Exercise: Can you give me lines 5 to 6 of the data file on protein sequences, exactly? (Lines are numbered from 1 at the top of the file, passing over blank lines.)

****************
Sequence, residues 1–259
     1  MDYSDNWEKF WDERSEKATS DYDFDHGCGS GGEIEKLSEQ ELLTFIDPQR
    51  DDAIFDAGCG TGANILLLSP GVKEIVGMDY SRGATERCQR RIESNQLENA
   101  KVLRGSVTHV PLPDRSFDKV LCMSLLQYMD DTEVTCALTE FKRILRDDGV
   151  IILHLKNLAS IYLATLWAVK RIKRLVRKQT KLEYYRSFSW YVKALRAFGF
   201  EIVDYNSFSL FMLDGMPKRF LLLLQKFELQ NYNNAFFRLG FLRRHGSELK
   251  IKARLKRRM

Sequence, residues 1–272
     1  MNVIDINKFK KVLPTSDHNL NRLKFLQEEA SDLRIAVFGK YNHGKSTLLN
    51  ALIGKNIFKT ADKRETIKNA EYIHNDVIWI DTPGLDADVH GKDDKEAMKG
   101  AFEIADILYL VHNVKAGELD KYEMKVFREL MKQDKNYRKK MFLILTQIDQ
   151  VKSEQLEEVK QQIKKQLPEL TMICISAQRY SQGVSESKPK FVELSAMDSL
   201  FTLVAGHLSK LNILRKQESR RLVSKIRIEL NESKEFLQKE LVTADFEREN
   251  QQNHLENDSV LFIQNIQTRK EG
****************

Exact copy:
   151  IILHLKNLAS IYLATLWAVK RIKRLVRKQT KLEYYRSFSW YVKALRAFGF
   201  EIVDYNSFSL FMLDGMPKRF LLLLQKFELQ NYNNAFFRLG FLRRHGSELK